Bob Pozen speaking at the RIS 2011 Conference in Boston. (Photo: Michael Malyszko)

Bob Pozen, the chairman emeritus of MFS Investments in Boston, has a long-term plan to cut the enormous U.S. debt, and it involves Social Security, “the only big number that we know how to solve.”

Speaking in Boston on Monday evening at the 4th annual Retirement Income Symposium, Pozen first said that it’s “pathetic on how little we’ve agreed on to deal with our debt.” Charging that “We’ve only agreed on $1 trillion; we should be aiming for $5 trillion,” he then laid out a proposal to “to keep our GDP to debt ratio as it is over the next 10 years.”

He first dismissed the notion that raising taxes is the answer. To get our debt down to 3% of GDP, he said “we’d have to raise the top tax rate to 76.8% and 72.4% for second-tier taxpayers.” While cutting the federal subsidies for ethanol production would, in his estimation, be a good thing, neither doing so, or even eliminating or modifying the mortgage interest rate deduction, for instance, would have a big enough impact.

Not only is the way to “solve” Social Security known, he said, there is also a “bigger chance that we can do so.” He put the unfunded liability of Social Security in the $5 trillion range, but said that changing the initial calculation for benefits from wage indexing to price indexing in a progressive way “would save us $5 trillion.” He pointed out that doing so would not cut benefits for anyone, “we’re just slowing the rise in benefits.”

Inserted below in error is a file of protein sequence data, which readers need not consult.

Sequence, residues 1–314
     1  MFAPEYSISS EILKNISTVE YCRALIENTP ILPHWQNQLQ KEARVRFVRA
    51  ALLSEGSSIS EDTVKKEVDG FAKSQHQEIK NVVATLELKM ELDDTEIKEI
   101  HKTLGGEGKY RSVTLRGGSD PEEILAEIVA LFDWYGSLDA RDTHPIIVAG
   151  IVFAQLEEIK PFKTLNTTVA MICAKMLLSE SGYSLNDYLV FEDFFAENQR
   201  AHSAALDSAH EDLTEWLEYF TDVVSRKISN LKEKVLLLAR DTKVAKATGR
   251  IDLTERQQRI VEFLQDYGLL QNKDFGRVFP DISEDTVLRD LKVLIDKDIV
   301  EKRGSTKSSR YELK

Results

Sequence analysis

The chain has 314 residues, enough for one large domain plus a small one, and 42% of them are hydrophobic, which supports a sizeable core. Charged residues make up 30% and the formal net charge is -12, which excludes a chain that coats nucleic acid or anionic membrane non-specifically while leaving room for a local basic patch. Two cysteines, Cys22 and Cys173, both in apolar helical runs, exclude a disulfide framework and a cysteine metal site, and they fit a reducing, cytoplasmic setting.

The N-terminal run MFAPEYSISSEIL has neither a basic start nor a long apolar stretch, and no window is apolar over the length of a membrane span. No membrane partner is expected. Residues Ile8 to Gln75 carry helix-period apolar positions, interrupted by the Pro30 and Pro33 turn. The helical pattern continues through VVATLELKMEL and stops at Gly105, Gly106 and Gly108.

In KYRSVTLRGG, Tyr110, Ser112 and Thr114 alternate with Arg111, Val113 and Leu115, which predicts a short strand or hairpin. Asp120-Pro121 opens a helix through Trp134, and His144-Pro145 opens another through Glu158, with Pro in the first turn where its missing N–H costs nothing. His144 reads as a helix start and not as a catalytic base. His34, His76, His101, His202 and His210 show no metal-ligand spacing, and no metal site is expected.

This approach is doable, he said, and would have another benefit: “The markets need a long-term solution—this is a 75-year plan. This is my very strong suggestion to the super-committee,” referring to the joint congressional committee that is working on a debt reduction plan with a Thanksgiving deadline.

When an attendee at the symposium asked if the super-committee had sought counsel from Pozen, who has consulted to several presidents, he said no, and expressed concern that the majority of those in Congress who had delivered suggestions to the committee we’re simply pleading “Don’t cut this program, or don’t cut that one.”

As for additional solutions to the retirement income puzzle, Pozen said he was a big fan of auto-enrollment in workplace retirement plans, but took it a step further. Lamenting the fact that 78 million employed Americans have no retirement plan at work, he called for an “auto-IRA” for those workers. Employers would not be required to make any contributions to the plans, and their administrative costs could be offset by a tax credit.

Financial services companies, he said, would “do all the work” of managing those retirement plans, and workers who did not what to be part of the plan would be required to opt out, which would sharply increase the percentage of workers who would participate.